To put it simply, the SendForensics Deliverability Score is a measure of an email's 'quality'. This ‘quality' is in terms of how it will be perceived by global filtering-systems/ISPs and, to an extent, human recipients themselves.
The score itself represents the percentage of inboxes in an average mailing list that an email will reach. It is calculated by modelling the email's acceptance against the behavioural spread of the worlds spam-filtering-systems/ISPs at that given point in time (the environment fluctuates constantly).
There are three assumptions that have to be made to correctly relate the score to an email/campaign:
Mailing list is clean and fully-verified i.e. no bounces
Mailing list is a globally ‘average list’ in terms of its list-composition. This is a list that reflects the broad distribution of filtering-systems/ISPs worldwide (see below).
Mailing list is a globally ‘average list’ in terms of its prior engagement history i.e. from addresses that have never been sent to before from that domain/IP, to those having a long history of engagement with that sender.
The score is accurate if these 'lab' conditions are met, but of course in practice each of these conditions will vary by differing amounts. Crucially, however, following the system's advice for fixing issues and improving the score will improve results under any conditions.
In practice, each mailing list has a different composition based on its audience. For example, a B2C list may have a significant percentage of its addresses with freemail providers (see fig.1), whereas a B2B list will likely have more corporate-owned addresses behind enterprise spam-filtering-systems (Symantec, Barracuda etc). They will therefore behave slightly differently in deliverability terms.
This means the various issues reported by the system will have slightly less or more impact depending on the list but, as mentioned above, there will still be an impact. For example, an issue that may cause a 2% response-drop for a 100% Gmail list, might only cause a 1% response-drop for a 50% Yahoo and 50% Yandex list. But there will be a drop nonetheless, and the advice given in the system can recover that loss before the campaign is sent.
It would be practically impossible to ask every single campaign recipient whether an email reached their inbox, which is why the deliverability metric must be modelled in this unique way. However, what we can do for proof of efficacy is to look further down the chain of engagement to measure the resultant effects. Ultimately, that means clicks.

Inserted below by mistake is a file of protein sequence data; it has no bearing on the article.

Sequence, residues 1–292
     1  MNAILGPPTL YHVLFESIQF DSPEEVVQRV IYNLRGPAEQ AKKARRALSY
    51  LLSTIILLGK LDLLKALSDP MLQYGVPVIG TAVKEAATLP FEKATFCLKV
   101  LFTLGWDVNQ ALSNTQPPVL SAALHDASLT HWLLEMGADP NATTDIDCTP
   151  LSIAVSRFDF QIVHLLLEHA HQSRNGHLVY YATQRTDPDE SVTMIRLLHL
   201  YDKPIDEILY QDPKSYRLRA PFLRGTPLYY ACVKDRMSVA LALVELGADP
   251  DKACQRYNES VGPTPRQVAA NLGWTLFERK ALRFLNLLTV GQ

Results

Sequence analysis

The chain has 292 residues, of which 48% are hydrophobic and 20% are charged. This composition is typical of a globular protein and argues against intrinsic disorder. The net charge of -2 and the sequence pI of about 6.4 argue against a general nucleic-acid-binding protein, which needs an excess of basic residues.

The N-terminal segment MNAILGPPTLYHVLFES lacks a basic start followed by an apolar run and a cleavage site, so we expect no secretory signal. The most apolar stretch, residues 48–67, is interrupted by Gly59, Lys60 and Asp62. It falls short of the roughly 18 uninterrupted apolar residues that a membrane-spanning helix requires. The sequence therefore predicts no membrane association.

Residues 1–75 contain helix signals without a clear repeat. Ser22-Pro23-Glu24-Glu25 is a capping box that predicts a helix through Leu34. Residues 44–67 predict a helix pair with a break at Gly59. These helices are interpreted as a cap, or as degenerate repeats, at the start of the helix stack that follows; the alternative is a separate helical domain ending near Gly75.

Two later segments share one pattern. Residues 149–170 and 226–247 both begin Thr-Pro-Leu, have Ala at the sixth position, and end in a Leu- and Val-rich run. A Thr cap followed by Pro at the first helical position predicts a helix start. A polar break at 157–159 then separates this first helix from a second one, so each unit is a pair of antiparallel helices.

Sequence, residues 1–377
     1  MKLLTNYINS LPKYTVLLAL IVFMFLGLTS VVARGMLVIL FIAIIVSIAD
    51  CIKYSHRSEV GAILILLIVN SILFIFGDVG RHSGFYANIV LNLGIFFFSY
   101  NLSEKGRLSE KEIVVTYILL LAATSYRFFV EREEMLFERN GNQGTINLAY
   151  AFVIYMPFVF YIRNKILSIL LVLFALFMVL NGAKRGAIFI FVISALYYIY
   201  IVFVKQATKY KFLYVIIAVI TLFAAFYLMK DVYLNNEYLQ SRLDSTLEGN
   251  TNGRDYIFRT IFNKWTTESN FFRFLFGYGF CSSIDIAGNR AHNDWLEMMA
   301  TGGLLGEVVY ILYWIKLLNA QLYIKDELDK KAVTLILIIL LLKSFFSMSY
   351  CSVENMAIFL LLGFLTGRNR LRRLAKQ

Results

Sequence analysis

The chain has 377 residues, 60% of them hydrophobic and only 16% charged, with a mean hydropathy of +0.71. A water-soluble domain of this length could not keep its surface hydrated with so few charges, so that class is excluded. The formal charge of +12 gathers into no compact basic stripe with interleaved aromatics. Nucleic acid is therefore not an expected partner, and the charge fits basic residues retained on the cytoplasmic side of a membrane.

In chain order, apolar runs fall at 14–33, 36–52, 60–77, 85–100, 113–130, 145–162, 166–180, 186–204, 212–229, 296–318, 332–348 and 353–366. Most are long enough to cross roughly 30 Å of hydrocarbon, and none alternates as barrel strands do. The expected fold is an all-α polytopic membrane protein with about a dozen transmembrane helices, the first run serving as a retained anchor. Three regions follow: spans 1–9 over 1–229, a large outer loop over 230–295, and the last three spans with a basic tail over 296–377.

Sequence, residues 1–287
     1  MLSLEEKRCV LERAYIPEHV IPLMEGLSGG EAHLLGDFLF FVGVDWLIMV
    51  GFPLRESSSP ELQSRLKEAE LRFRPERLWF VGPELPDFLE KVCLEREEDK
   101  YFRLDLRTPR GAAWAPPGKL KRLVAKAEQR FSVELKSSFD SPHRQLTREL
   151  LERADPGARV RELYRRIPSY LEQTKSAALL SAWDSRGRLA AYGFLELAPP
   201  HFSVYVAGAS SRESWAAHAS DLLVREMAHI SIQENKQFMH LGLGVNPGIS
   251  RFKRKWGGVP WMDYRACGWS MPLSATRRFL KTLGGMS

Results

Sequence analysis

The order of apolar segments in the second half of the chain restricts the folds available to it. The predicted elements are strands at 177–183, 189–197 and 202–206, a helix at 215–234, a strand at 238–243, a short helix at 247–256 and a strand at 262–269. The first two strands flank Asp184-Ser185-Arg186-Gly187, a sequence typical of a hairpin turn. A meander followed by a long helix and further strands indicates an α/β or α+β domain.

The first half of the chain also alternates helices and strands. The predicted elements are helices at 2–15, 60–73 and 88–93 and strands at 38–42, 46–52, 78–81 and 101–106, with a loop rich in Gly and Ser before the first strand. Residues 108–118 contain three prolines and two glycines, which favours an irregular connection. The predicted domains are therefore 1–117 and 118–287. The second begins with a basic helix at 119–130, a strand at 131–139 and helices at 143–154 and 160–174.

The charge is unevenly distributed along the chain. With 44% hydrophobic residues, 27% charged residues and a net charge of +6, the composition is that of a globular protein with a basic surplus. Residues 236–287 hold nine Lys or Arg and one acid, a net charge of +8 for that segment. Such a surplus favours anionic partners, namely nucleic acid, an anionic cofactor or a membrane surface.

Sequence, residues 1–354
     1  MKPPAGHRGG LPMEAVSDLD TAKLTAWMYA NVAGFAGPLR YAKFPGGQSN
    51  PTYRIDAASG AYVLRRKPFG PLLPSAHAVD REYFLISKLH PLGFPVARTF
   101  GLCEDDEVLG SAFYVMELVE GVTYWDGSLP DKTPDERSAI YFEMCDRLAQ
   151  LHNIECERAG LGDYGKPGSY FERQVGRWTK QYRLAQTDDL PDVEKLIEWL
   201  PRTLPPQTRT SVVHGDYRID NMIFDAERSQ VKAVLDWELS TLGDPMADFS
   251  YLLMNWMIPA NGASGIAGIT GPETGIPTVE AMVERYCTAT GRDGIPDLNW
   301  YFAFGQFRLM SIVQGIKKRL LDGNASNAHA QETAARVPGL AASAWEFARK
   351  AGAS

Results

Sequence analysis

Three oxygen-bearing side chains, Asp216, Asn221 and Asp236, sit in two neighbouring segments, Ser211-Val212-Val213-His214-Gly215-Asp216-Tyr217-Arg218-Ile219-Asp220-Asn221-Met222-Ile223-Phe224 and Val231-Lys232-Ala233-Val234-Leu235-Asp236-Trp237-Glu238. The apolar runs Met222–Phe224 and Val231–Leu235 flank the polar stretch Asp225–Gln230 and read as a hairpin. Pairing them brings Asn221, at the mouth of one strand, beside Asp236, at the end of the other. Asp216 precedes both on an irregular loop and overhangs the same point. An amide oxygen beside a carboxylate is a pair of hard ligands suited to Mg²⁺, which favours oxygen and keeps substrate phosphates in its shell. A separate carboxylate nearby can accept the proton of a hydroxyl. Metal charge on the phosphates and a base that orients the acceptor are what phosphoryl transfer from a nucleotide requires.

Deliverability Score vs Unique Clicks:
Real customer campaign results over a one-month period, pulled directly from the Email Deliverability Suite (with ESP plugin enabled)
In order to minimise fluctuations in other metrics and isolate the effect of the Deliverability Score on engagement, the above newsletter was chosen for the following reasons:
Consistent offering (weekly listing of items for sale)
Consistent mailing-list size (55,400 contacts +- 250)
As can be seen, the deliverability score has a direct effect on the number of unique clicks.
Whereas CTR/Unique-Clicks may be the most reliable performance indicator in email marketing, there is another important metric that benefits from higher quality emails: Spam Complaints. Too many complaints can taint your mailing reputation and affect the success of future campaigns.
Adding spam-complaint/abuse data to the same campaign dataset produces a startling pattern when the y2-axis is plotted logarithmically (for data-range comparison).
As can be seen, there is an almost perfect inverse-correlation between the Deliverability Score and number of spam-complaints registered.
The SendForensics Deliverability score is modelled in realtime on the behaviour of a comprehensive distribution of global receiving systems
Specific optimisations and advice impact individual systems by variable amounts, but affect them nevertheless
Ultimately, a higher SendForensics Deliverability Score = more clicks, less complaints
There are many variables that affect campaign success, with some rather more difficult to control than others. Now that it's possible to keep deliverability regularly in the sweet-spot, and pre-emptively before a campaign is sent, that's one less problem to worry about.